- Image 1 of 2
- Image 2 of 2
By Alex Crees, ,
Published October 24, 2015
Rowan Carr, 4, was diagnosed with cancer after her parents took her into urgent care for a fever in 2010. A blood test showed her blood cell and platelet counts were low, and doctors informed her parents that Rowan suffered from acute lymphatic leukemia, or ALL, which typically affects children between the ages of 2 and 5 and can spread to the lining of the spine and brain.
“At the time, she had a high fever – no other symptoms,” said Rowan’s mother, Brenda Carr. “She was just tired. She didn’t have cold or flu symptoms, or anything to indicate a sinus infection. The doctor ran a barrage of tests, and finally, a blood test. They said all her counts are low, and you need to go to Children’s Hospital in Minneapolis today. They’re expecting you.”
Rowan, who is from Minnesota, was immediately started on a chemotherapy treatment, including the drug methotrexate. Injected directly into the spinal fluid, the drug has been proven in multiple studies to have the best results in preventing the spread or re-occurrence of ALL.
Nearly two years later, Rowan’s cancer is in remission, and she is in the ‘long-term maintenance’ phase of treatment, which focuses on preventing relapse with periodic injections of methotrexate.
However, recent reports have emerged that the chemotherapy drug is in danger of running out in hospitals across the country—potentially within two weeks.
Hospital supplies have dwindled after Ben Venue Laboratories, one of the nation’s largest suppliers of methotrexate, suspended operations at its Bedford, Ohio, plant in November.
The company cited “significant manufacturing and quality concerns” as the reason for the production suspension.
“Luckily, Rowan just had her spinal tap yesterday [during which she received methotrexate], so we had no problems getting it for her procedure,” Carr said. “But in three months, when she’s supposed to go back in for another injection, who knows what’s going to happen?”
“All I’ve been reading is there’s only a two-week supply, and manufacturers may not have any after that, so it’s a little nerve-wracking,” Carr added. “You’re told what drugs you have to take and when, and they have found this way has a 90-95 percent survival rate. Who knows what the outcome is when you have to substitute drugs or not do the procedure at the correct time interval – what if the survival rate drops to 80-85 percent?”
Dr. Bruce Bostrom, a pediatric oncologist at Children’s Hospitals and Clinics of Minnesota, said currently, the hospital is not experiencing a shortage of methotrexate, but their supply could run out within weeks if the drug becomes completely unavailable.
“We don’t hoard it,” Bostrom said. “I would suspect if we don’t get it within a few weeks we would probably run out.”
One of the issues with methotrexate, Bostrom explained, is that manufacturers cannot add preservatives because the preservative can cause neurological problems or paralysis when injected into the spinal fluid.
Therefore, once a vial of the drug is opened, it must be used within 6 to 8 hours to prevent contamination.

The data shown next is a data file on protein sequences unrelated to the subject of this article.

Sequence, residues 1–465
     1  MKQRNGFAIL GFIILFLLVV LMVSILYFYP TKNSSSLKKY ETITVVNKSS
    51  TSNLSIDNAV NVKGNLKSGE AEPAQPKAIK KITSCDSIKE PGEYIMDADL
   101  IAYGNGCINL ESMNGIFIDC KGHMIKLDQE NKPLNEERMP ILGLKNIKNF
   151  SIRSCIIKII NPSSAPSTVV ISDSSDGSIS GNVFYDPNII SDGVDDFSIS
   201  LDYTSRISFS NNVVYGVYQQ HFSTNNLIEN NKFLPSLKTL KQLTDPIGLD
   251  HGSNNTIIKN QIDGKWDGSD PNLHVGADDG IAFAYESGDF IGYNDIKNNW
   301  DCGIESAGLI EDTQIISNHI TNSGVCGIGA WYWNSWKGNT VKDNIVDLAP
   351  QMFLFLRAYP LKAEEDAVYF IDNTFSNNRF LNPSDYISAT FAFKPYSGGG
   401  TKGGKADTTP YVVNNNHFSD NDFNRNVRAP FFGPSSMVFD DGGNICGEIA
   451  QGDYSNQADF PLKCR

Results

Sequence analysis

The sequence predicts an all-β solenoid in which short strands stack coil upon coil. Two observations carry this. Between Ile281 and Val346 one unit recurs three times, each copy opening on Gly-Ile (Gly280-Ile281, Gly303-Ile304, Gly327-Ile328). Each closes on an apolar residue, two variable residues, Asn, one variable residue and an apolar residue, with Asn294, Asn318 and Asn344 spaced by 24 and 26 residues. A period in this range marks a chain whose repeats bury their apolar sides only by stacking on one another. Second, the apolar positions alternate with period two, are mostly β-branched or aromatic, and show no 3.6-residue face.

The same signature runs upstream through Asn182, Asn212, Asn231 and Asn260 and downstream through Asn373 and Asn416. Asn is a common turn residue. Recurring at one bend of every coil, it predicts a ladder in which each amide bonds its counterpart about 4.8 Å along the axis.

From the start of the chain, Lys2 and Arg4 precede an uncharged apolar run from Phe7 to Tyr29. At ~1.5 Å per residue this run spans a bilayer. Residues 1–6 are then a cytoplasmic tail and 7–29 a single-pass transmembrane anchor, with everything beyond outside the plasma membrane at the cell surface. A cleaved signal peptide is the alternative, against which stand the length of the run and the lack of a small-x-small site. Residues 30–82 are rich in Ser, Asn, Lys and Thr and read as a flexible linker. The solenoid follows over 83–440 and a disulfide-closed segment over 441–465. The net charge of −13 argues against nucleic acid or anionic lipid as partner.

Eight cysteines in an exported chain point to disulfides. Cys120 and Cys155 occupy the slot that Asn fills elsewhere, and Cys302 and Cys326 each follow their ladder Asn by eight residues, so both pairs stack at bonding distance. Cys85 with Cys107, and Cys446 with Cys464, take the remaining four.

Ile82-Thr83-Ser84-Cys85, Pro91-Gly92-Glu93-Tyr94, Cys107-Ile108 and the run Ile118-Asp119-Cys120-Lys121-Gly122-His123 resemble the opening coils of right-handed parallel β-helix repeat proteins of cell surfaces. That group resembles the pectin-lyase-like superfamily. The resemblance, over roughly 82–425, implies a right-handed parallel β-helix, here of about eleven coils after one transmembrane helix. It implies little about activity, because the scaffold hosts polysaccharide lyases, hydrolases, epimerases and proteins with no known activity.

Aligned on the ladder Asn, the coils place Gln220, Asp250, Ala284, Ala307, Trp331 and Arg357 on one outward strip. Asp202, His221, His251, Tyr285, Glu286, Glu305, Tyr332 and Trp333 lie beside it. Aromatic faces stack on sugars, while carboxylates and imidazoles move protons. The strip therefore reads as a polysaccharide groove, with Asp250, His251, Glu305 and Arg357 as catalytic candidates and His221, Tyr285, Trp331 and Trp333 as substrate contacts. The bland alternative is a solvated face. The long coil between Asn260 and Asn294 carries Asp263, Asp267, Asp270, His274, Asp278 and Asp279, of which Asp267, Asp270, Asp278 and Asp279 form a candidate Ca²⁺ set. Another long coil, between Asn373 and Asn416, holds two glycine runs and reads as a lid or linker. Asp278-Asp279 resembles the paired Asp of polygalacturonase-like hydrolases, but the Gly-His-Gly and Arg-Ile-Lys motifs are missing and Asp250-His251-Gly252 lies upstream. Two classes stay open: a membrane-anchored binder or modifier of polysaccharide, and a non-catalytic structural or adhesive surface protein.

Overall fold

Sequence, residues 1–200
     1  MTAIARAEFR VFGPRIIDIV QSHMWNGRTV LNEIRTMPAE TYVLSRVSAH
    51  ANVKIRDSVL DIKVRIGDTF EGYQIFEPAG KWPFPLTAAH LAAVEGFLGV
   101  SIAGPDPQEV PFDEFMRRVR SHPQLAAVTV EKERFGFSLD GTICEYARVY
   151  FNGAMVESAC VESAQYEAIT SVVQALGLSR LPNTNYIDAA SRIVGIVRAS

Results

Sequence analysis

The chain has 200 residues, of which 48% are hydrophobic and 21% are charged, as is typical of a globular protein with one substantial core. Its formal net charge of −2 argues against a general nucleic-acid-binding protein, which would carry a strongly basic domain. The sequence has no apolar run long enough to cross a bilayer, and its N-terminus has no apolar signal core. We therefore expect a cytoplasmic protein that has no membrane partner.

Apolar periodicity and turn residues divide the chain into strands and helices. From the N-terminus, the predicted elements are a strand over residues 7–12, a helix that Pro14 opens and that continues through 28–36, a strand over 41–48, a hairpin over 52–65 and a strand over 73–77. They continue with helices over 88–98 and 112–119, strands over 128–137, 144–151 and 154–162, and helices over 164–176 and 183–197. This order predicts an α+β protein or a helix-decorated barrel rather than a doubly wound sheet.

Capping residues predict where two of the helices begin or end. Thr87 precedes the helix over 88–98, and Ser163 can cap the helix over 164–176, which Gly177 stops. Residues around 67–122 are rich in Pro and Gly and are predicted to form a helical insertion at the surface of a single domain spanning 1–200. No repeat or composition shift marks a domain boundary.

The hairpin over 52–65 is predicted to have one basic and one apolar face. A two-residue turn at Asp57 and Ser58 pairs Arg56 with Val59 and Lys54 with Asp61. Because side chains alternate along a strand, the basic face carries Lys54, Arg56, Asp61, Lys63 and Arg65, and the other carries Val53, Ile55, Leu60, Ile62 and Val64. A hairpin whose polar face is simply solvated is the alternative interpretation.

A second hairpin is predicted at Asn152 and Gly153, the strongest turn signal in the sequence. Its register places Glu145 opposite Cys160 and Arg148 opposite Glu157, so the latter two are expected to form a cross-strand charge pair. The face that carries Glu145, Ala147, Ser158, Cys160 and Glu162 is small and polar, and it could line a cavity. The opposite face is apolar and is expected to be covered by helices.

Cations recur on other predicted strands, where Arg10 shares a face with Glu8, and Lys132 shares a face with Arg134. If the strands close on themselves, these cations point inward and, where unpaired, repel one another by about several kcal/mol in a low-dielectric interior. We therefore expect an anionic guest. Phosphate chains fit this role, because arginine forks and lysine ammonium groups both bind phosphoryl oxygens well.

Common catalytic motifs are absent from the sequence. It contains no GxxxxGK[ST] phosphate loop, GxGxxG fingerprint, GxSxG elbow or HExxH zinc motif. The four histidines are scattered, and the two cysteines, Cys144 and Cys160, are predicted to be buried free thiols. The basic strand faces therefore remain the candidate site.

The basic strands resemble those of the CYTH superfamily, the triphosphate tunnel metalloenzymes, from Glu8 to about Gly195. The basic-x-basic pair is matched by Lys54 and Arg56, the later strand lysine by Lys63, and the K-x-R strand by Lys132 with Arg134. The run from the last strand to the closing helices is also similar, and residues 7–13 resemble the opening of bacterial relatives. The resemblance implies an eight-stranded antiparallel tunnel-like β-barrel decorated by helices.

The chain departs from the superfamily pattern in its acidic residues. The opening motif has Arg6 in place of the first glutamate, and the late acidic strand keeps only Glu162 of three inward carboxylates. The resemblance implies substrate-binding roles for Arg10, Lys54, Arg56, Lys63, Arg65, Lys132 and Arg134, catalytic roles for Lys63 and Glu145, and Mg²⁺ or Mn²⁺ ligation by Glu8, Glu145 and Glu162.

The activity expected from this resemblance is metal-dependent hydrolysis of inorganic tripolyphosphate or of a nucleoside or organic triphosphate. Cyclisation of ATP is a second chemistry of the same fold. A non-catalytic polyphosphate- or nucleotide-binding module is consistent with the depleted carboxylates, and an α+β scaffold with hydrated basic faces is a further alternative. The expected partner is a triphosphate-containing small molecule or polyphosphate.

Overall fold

“The dosage depends on the size of the patient,” Bostrom said. “With a small patient, you may not use the whole vial. Anything you can’t use you have to throw away.”
Not the first chemo shortage
Now with the possibility of the methotrexate supply running out so soon, hospitals are attempting to reschedule patients to receive treatment on the same day – thus reducing waste. Carr said she had heard this practice was already occurring with other children through an online support group to which she belongs.
Bostrom also said hospitals may have to delay therapy or resort to other drugs.
“The best way to handle the situation would be to give methotrexate later in the course of therapy, but before the first year of treatment is up,” Bostrom said. “We usually give it starting the fourth or fifth month of treatment, but sometimes we can delay it and give it the fifth or sixth or seventh or eighth month of treatment. Hopefully by doing that, we can get it in within the first year.”
This isn’t the first shortage to hit the hospital – and other hospitals worldwide. Bostrom said within the past few months, the hospital has already experienced additional chemotherapy shortages, as well as shortages of anti-nausea medications and other supportive care medicines.
Carr said she has experienced issues tracking down certain medications for Rowan—an anti-nausea prescription, for example, took her more than a week for their pharmacy to track down, and other pharmacies she called had the medication in back-order as well.
“The group I’m a part of, there are moms in Canada and Australia, and they say if it affects us in the U.S., it affects them as well,” Carr added. “So we’re starting to hear of drug shortages in their area as well.”
Bostrom said the drug shortages are a problem that seems to be increasing over the years.
“Back in early 2001-2002, it was about 2 to 4 drugs a year reported in shortage,” according to Bostrom. “Now in 2010-2011, it was 22 to 23. I’m sure we’re going to break that record in 2012.”
In the mean time, to deal with the methotrexate shortage, Valerie Jensen, associate director of the Food and Drug Administration associate director of the Food and Drug Administration’s drug shortages program, told the New York Times there are four other manufacturers of methotrexate in the U.S., which are all trying to increase production.
The FDA is also searching for a foreign supplier to provide emergency imports while domestic companies work to meet current demands.
“I hate relying on hope…it’s disheartening,” Carr said. “To have this taken out of everybody’s hands – out the doctors’, parents’, and patients’ hands – we already have enough uncertainty. I want to make sure everything we can do for Rowan is done, and not having a clear path on whether or not this drug is available really makes me sad.”